Informing Students about Their College Options: A Proposal for Broadening the Expanding College Opportunities Project

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The Hamilton Project


Most high-achieving, low-income students do not even apply to selective colleges despite being highly qualified for admission and success at these institutions. Because they do not apply, these students forgo the generous academic resources, increased financial aid, and better collegiate and career opportunities that selective schools offer. To increase opportunities and improve outcomes for these students, the authors propose building on the success of an innovative intervention, the Expanding College Opportunities (ECO) Project. The intervention had a profound effect on their college application behavior, leading to a substantial increase in their propensity to apply to more-selective colleges commensurate with their academic achievements. This paper proposes steps to expand and improve ECO to reach more low-income, high-achieving students across the country by partnering with respected third-party organizations such as the College Board and ACT. ECO can also serve as a model for designing and applying this type of intervention to other populations of students. The success of the ECO Project highlights the importance of researchers being able to access relevant government data to design targeted and effective programs and policies.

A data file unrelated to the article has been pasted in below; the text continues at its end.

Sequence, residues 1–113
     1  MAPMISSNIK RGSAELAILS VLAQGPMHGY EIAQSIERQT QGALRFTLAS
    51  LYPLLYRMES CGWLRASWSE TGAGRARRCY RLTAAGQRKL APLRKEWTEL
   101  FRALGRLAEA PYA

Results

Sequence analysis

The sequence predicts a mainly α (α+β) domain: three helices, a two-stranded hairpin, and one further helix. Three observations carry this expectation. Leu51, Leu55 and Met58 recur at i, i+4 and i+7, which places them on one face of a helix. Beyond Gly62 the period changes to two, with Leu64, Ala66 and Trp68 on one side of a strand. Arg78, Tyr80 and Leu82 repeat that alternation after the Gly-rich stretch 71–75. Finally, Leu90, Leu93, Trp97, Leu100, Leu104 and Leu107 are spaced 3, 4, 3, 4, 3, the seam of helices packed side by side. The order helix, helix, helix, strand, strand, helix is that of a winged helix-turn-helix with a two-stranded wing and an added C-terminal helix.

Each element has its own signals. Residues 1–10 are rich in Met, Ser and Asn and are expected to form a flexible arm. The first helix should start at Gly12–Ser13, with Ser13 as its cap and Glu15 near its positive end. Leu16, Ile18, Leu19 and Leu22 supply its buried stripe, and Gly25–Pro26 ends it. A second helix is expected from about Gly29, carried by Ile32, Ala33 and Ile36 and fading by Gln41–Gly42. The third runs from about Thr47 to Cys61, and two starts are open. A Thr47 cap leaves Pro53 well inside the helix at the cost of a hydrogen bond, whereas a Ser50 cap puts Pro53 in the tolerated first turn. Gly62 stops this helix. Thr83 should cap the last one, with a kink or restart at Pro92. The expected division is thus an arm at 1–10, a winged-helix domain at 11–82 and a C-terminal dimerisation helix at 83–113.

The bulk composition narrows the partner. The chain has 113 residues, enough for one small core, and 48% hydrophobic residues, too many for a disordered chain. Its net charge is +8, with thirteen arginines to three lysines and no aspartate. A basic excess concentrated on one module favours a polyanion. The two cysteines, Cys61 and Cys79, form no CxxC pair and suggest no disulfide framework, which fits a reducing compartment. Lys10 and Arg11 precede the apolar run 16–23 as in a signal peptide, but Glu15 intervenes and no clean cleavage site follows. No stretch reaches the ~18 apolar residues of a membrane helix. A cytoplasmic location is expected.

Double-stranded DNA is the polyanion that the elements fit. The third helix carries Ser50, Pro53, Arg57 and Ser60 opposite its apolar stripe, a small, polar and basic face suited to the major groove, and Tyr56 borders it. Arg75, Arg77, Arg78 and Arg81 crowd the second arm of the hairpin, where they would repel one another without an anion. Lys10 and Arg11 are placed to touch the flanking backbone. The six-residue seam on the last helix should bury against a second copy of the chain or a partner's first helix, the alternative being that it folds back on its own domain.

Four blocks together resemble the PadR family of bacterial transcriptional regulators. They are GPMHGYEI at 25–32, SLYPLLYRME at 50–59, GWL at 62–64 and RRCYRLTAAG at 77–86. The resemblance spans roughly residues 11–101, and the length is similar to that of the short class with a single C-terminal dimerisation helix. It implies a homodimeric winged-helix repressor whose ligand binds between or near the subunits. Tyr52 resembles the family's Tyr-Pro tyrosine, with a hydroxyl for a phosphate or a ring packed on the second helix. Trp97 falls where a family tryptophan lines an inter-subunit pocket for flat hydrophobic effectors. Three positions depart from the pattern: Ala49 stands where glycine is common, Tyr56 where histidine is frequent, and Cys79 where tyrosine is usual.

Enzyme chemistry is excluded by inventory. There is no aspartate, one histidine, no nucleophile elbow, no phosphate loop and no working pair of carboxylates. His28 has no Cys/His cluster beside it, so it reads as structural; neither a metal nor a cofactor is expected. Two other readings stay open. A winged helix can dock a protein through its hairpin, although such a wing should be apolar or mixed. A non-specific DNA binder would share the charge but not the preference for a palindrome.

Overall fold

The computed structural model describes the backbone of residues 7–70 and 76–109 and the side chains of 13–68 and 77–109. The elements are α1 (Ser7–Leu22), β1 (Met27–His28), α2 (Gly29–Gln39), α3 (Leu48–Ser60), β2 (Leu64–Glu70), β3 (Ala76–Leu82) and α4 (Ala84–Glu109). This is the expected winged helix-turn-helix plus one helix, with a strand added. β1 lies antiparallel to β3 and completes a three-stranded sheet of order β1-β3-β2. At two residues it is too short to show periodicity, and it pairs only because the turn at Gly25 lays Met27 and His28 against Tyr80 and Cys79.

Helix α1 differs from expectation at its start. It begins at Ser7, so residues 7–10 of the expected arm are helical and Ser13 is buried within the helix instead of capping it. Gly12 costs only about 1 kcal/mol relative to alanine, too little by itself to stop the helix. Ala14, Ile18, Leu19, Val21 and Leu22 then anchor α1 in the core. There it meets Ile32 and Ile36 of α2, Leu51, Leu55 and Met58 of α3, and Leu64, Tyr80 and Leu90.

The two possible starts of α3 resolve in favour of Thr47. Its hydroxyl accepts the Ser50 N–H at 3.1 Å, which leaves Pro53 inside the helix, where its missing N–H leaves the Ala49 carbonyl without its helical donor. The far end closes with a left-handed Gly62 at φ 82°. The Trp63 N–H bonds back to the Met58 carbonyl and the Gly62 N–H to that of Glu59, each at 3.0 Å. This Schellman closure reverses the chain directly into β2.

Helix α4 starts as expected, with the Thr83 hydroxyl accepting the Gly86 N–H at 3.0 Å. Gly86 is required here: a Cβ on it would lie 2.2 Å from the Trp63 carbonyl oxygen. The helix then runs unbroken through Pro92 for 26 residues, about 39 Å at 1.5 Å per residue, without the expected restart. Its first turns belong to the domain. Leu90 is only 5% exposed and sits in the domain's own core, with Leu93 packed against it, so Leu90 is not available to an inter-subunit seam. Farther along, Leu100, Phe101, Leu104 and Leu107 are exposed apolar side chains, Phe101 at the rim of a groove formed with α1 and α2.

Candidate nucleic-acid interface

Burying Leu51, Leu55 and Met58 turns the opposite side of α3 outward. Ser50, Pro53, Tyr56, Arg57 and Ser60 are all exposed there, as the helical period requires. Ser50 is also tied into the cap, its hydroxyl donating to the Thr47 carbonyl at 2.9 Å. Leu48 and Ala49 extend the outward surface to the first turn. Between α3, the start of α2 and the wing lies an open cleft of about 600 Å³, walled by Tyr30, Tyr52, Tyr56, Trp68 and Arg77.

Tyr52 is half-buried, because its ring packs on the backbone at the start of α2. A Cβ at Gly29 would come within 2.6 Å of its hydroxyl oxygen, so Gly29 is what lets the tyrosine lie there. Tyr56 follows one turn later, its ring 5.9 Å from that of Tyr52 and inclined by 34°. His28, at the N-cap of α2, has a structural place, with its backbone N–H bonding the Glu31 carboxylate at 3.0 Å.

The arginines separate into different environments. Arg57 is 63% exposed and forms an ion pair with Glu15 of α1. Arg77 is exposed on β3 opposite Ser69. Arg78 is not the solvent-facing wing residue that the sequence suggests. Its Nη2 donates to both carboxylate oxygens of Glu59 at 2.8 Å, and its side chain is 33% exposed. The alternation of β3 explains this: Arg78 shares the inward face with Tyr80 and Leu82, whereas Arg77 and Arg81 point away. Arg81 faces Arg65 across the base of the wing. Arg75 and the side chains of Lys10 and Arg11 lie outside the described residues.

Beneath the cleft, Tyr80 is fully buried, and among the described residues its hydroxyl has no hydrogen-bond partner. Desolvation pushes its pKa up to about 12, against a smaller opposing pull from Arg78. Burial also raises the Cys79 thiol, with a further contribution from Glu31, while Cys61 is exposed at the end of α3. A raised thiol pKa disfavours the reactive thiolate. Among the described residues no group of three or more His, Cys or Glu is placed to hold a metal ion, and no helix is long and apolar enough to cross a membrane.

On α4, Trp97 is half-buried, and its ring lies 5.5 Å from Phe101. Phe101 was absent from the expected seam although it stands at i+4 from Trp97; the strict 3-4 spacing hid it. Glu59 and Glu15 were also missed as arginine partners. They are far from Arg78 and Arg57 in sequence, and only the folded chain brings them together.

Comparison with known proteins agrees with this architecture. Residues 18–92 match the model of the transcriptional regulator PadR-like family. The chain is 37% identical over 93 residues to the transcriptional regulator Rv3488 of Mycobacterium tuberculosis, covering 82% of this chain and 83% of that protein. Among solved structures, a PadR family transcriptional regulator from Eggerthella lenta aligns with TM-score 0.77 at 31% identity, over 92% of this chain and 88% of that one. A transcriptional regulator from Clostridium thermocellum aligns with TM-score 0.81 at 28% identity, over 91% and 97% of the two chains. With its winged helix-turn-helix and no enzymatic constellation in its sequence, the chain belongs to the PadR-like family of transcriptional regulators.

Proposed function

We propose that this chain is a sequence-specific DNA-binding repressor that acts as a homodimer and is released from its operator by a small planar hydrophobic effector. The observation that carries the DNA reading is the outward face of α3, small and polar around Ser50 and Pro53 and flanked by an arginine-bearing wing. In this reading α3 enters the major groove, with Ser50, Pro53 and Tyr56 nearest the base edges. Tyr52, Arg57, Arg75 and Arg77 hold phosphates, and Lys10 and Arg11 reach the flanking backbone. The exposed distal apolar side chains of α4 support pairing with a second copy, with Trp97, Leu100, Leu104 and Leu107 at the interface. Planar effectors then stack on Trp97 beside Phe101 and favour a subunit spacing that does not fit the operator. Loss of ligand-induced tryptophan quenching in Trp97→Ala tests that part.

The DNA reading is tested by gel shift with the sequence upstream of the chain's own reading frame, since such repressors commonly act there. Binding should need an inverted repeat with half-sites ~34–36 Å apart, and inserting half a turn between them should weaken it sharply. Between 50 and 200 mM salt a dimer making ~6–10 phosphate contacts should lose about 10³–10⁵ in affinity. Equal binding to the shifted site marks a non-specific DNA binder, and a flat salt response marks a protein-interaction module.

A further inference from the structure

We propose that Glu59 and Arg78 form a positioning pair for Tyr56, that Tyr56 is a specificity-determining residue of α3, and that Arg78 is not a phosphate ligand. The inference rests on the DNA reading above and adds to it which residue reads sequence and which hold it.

low-income students, selective colleges and universities, barriers to entry (Postsecondary education), discrimination in higher education